The shallow-water waves that are Tsunamis travel at velocities of hundreds of kilometers per hour. They have such speed that they won’t be slowed down by the regular beach, they are not in equilibrium with the existing coast. As they run up the shore and before they break, their height increases massively and they destroy everything in their path until their energy is finally lost.

People are used to tides and tides can be predicted with great precision. For example, here in my back yard, in the Bay of Fundy, where the tides are higher than anywhere else in the world, high tide at Saint John occurs exactly 1 hour before high tide at Burntcoat Head, which is 180 km away across the water (see figure below). In other words: the-wave-that-is-the-tide travels at a speed of 180 kilometers per hour (yes, this creates potential for tidal power generation, about which I wrote an earlier post here). It runs up the coastal plain and submerges everything but because it does so twice every 25 hours, the shape of the coastline is in equilibrium with this phenomenon: it consists of vast expanses of tidal flats.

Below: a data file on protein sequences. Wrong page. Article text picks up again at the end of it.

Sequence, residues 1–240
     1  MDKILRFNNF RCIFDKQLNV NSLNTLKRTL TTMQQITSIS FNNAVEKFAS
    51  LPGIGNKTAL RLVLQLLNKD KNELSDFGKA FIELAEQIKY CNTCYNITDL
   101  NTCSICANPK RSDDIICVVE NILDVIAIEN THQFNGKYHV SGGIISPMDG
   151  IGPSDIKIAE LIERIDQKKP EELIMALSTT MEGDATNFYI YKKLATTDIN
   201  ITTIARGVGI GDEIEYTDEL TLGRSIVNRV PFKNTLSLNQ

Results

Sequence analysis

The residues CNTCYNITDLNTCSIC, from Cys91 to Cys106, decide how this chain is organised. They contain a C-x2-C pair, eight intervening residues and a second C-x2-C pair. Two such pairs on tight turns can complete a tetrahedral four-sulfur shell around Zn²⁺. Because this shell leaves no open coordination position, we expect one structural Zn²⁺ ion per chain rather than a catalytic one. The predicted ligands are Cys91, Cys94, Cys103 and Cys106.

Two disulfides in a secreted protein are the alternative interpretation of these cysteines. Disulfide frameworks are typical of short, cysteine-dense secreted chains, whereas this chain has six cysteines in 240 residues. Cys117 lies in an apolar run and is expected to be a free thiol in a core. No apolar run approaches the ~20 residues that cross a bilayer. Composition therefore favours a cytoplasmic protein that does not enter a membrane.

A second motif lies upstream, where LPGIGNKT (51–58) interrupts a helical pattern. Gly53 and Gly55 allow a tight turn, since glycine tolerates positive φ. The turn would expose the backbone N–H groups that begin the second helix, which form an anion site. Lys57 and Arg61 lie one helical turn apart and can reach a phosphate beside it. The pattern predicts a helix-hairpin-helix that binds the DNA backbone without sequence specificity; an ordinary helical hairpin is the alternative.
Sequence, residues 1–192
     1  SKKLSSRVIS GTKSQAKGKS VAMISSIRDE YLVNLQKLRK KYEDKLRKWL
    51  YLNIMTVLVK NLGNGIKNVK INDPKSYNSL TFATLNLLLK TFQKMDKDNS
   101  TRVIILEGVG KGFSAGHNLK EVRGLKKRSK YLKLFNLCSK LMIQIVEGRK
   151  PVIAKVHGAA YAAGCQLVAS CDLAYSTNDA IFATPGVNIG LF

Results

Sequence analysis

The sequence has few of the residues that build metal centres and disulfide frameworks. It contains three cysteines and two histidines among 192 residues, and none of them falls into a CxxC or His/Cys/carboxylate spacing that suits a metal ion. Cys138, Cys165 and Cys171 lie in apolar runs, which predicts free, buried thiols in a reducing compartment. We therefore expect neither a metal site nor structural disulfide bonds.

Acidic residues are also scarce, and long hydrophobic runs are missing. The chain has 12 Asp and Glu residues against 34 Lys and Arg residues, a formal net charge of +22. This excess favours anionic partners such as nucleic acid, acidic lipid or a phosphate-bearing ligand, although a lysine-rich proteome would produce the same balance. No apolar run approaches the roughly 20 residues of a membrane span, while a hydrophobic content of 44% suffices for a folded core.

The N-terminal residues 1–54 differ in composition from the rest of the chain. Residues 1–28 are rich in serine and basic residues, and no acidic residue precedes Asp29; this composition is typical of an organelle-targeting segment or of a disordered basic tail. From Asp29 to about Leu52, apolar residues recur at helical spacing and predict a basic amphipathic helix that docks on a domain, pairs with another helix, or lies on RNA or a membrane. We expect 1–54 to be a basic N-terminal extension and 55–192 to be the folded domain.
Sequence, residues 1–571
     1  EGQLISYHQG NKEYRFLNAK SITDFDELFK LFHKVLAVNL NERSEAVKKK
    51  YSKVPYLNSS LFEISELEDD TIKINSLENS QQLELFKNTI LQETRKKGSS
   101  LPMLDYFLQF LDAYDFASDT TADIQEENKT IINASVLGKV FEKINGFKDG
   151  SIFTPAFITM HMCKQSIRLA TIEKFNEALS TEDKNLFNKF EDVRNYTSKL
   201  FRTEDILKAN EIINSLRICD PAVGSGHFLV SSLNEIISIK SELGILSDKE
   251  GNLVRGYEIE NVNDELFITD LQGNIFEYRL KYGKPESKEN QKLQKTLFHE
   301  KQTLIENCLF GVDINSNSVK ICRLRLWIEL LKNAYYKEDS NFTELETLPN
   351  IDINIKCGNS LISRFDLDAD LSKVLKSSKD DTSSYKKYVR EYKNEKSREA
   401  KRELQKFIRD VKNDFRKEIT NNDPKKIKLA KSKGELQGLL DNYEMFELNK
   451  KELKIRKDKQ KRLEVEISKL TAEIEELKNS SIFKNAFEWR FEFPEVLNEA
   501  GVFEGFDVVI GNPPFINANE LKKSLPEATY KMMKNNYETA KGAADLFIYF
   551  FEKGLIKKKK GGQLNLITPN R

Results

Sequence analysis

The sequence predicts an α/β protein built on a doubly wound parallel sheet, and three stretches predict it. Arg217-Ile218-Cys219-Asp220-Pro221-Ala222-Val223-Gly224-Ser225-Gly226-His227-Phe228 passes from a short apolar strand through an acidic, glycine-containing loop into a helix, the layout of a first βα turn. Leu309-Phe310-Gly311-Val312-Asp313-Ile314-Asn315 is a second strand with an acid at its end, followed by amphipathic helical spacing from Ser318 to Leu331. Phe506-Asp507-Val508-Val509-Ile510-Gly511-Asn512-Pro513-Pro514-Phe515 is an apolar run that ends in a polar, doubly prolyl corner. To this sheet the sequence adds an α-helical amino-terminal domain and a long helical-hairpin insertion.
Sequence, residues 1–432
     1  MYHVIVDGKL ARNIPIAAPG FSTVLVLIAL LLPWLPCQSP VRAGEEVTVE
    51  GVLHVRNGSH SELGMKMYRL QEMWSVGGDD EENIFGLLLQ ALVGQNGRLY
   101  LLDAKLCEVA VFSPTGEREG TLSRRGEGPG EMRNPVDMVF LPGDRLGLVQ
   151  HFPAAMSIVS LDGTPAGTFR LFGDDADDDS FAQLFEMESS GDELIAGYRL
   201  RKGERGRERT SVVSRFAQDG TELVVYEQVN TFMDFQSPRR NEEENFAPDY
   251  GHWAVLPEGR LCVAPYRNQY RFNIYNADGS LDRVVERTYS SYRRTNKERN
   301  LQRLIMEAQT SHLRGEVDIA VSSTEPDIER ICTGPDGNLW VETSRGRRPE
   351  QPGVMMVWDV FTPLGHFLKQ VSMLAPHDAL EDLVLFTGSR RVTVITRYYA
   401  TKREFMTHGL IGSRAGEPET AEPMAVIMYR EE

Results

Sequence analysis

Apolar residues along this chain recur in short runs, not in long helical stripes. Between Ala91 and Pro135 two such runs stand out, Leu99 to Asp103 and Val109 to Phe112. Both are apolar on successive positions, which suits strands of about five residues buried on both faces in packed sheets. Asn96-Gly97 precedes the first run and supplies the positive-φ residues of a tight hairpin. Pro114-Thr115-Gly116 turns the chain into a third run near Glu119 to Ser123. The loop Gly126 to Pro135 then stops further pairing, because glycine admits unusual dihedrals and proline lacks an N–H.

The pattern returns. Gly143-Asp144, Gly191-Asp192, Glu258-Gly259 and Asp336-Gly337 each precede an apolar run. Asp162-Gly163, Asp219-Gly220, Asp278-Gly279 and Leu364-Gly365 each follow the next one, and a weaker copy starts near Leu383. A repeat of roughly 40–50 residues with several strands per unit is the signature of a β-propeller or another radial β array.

Bay of Fundy

Bay of Fundy, Canada. The distance from Saint John to Burntcoat Head is 180 km over the water. High tide in Saint John occurs 1 hour before high tide at Burntcoat Head. 

So a tsunami behaves exactly like the incoming high tide, with an even higher velocity. But because tsunamis happens to rarely, there are no tidal flats to indicate where you shouldn’t put your dwelling. In essence, people in tsunami-risk zones live in an overgrown and built-up ‘tsunami flat’.

People will continue to live near the sea for many reasons. There is now a tsunami warning system for the Indian Ocean, but lives will still be lost the next time a Great Wave materializes.

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Four Billion Years and Counting: Canada is as old as the Earth and this book tells all

4by   book-cover-fr

Just published! 400-pages on Canada’s geologic heritage in both official languages for only $39.95! Order your English language copy here and your French copy here

The book’s website has tons of freely downloadable illustrations and other materials for educators


One day last summer, a 40-ish well-educated woman visited our house. She makes a living in gastronomy, is a good visual artist and an avid ocean sailor. She asked me about my professional background and I told her that I am an earth scientist. She looked puzzled and said: “and what do you do with that, other than teach?”